Liberals boasted that the election of Joe Biden meant a return to sober, restrained presidential rhetoric and an end to unhinged mean tweets. Biden wouldn't be a divider; he'd be a uniter to get things done. That's nothing like current reality. But when Biden uncorks crazy hot talk, the media are supportive repeaters.
On July 16, NBC reporter Peter Alexander tossed a softball: "On COVID misinformation, what's your message to platforms like Facebook?" Biden gave a wild-eyed answer: "They're killing people." He said it twice. NBC, as well as CBS and PBS, just passed it along — with some Facebook denial that they were murderers — and no fact-checking or Republican rebuttal emerged. ABC's "World News Tonight" skipped it, like it was embarrassing.
After the weekend, Biden bizarrely walked it back. "My hope is that Facebook, instead of taking it personally that somehow I'm saying 'Facebook is killing people,' that they would do something about the misinformation," Biden said. That's literally what he said — and journalists didn't seem to find it was even impolite to Facebook.
On July 13, the president unleashed a hyperbolic speech in Philadelphia on voting-integrity bills. He accused Republicans of "An assault on democracy, an assault on liberty, an assault on who we are — who we are as Americans. ... This is election subversion. It's the most dangerous threat to voting and the integrity of free and fair elections in our history."
He mangled history: "We are facing the most significant test of our democracy since the Civil War. That's not hyperbole." And he said, "The 21st-century Jim Crow assault is real. It's unrelenting, and we're going to challenge it vigorously."
So, Biden can suggest today's Republicans are just like southern Democrats who enforced a rigid regime of racial segregation and mob lynchings. In other venues, Biden has poisonously claimed the Republicans made "Jim Crow look like Jim Eagle" and represent "Jim Crow on steroids."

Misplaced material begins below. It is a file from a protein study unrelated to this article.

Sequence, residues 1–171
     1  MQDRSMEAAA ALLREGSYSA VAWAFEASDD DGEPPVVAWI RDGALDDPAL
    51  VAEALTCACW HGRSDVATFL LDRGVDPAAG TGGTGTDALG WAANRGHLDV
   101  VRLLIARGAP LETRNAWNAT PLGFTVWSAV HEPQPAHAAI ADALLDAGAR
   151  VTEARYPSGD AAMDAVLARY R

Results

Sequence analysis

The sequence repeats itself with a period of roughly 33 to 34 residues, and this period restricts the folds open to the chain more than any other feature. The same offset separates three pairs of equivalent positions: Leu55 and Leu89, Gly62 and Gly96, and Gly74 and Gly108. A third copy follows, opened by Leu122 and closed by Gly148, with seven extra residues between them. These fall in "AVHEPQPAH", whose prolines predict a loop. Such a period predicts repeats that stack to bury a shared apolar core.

This latest mean-spirited, mudslinging speech was hailed by the network anchors. David Muir on ABC touted the president "blasting what he calls attacks on voting rights." Norah O'Donnell on CBS proclaimed Biden was "speaking out forcefully." On NBC, Lester Holt announced, "In some of his strongest language yet, President Biden today blasting Republican efforts to restrict voting access as un-American and a test of our democracy."
The front page of The New York Times the next day carried the headline "Biden Portrays a Right to Vote as Under Siege." The "Jim Crow" junk was quoted in the very last paragraph.
Five days later, ABC "This Week" moderator Martha Raddatz was still praising this attack as "a very impassioned speech to defend voting rights," and AP Washington bureau chief Julie Pace added, "Rhetorically, Biden is saying all of the right things that Democrats want to hear." But both admitted the Democrat push for their For the People Act is dead in the water.
Enough time has elapsed to evaluate how the fact-checkers performed on this wild "Jim Crow assault" talk. Did AP Fact Check have it? No. CNN Facts First team? No. The Washington Post Fact Checker? No. FactCheck.org? No. Snopes? No. PolitiFact? No.
Amazingly, PolitiFact did check one statement in this speech: Biden proclaiming, "In 2020, more people voted in America than ever in the history of America." They awarded him a "Mostly True" rating for that.
This is an ongoing pattern. The so-called independent fact-checkers have given Biden a free pass to smear Republicans with a "Jim Crow" brush. It's fair for Biden to accuse them of the worst attack on voting rights since the Civil War. He isn't checked by journalists. He's praised for "speaking out forcefully."
Tim Graham is director of media analysis at the Media Research Center and executive editor of the blog NewsBusters.org.